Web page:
Hanson: u201cHealthcare is not only the single largest component of the GDP, but it's also the fastest growing.u201d

IRVINE, CA-As Baby Boomers enter the senior category in droves, the need and opportunity for healthcare-related business continues to grow. In fact, the consolidation of smaller practices into larger ones and the tremendous growth of Griffin-American Healthcare REIT II in December 2013 and throughout last year are testament to the fact that healthcare real estate consolidation has yet to reach its peak.

“Healthcare can continue its consolidation path literally for decades,” Jeff Hanson, chairman and CEO of Griffin-American Healthcare REIT II, tells GlobeSt.com. The REIT completed acquisitions during December 2013 totaling approximately $541.3 million and completed approximately $1.5 billion in acquisitions during the year, now owning a diverse portfolio of healthcare real estate valued at approximately $2.8 billion, based on aggregate purchase price, located throughout the US and the UK.

With the demographic tsunami of Baby Boomers reaching 65 just beginning, Hanson sees this translating directly to healthcare real estate. “Healthcare today is only 8% to 9% institutionally owned. All other major product types—office, industrial, retail, multifamily—are at least 25% institutionally owned. There are at least a couple of decades of additional robust consolidation in the healthcare sector by major institutional owners.”

The trend is certainly playing out for this particular healthcare REIT. Hanson says the firm launched the REIT in 2009 “with the strategic goal of building a diverse, institutional-quality portfolio of clinical healthcare real estate assets. Today, less than four years since we acquired our first property, we own a significant and well-diversified portfolio that is positioned for additional growth in 2014 and beyond.”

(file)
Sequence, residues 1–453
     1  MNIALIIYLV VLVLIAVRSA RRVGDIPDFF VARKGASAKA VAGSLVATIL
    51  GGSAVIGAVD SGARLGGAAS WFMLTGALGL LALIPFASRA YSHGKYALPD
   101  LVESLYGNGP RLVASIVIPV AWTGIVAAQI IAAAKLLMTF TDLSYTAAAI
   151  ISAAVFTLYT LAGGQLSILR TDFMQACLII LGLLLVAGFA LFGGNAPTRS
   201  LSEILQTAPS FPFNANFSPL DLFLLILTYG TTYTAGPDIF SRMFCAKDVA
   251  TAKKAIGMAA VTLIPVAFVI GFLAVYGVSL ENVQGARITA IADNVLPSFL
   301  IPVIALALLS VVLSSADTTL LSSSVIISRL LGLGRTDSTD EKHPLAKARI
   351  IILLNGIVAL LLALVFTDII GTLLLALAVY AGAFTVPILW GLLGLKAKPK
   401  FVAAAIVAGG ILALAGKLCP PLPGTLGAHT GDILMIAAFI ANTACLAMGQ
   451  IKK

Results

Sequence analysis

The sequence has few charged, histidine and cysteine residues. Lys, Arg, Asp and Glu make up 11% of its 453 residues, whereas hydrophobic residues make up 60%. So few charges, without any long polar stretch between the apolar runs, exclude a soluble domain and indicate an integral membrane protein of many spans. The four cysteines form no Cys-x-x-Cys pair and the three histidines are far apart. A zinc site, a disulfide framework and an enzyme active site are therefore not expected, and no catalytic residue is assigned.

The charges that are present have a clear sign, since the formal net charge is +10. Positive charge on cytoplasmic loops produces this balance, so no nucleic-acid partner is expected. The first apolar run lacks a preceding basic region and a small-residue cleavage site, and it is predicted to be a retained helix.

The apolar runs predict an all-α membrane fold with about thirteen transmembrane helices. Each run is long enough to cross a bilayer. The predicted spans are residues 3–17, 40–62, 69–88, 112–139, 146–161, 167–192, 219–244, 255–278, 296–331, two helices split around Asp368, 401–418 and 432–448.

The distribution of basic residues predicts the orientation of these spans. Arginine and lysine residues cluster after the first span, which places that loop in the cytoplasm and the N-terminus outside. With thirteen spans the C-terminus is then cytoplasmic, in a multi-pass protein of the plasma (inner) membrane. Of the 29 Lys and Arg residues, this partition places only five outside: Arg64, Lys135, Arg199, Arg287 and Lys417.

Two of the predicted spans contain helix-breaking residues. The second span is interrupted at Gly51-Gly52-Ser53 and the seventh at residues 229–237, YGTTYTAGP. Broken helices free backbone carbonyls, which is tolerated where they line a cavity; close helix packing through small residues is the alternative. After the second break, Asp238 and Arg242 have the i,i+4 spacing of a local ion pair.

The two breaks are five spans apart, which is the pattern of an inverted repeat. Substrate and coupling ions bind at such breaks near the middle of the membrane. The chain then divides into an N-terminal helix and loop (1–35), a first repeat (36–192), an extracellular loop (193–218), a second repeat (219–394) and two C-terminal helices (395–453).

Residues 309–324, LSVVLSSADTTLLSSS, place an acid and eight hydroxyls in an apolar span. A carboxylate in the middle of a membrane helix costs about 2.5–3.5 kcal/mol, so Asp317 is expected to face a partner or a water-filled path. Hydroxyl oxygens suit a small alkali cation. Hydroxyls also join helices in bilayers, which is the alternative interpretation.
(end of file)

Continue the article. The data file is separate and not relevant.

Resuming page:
Hanson tells GlobeSt.com that the REIT has experienced radical growth while maintaining the lowest leverage in the industry. “In terms of total debt financing, we’re very pleased with the growth. We’re currently deploying the remaining equity that we raised prior to the termination of our offering with the expectation to get to $3.5 billion in assets.”

What makes the REIT so successful? Hanson says when considering portfolios for acquisition, the firm looks at the average age of the buildings in each of the four clinical classes in which it buys (skilled nursing, assisted living, medical-office buildings and hospitals). With MOBs, it also considers what percentage of the portfolio is on or off campus and how strongly it is affiliated with a regional hospital. With skilled nursing, assisted living and hospitals, it also considers cash flow to rent coverage, which can be a good indication of the credit quality of the underlying tenants.

In addition, Hanson says Griffin-American Healthcare REIT II makes strategic acquisitions of one or two portfolios at a time rather than purchasing competitors and operating companies for multiple billions like many publicly traded REITs do. “We roll up our sleeves, and it’s a lot harder. It takes more time. But when it’s done well, you’re targeting and acquiring specific assets and sub-portfolios of real estate that will be accretive to the most important performance metrics. The end result is clear in the results that our portfolios currently posting.”

As GlobeSt.com reported in November 2013, the REIT expanded its portfolio to $2.23 billion and acquired $672 million of new assets during third-quarter 2013. As a result, the REIT became one of the largest and best-diversified healthcare REITs in the country, according to Hanson.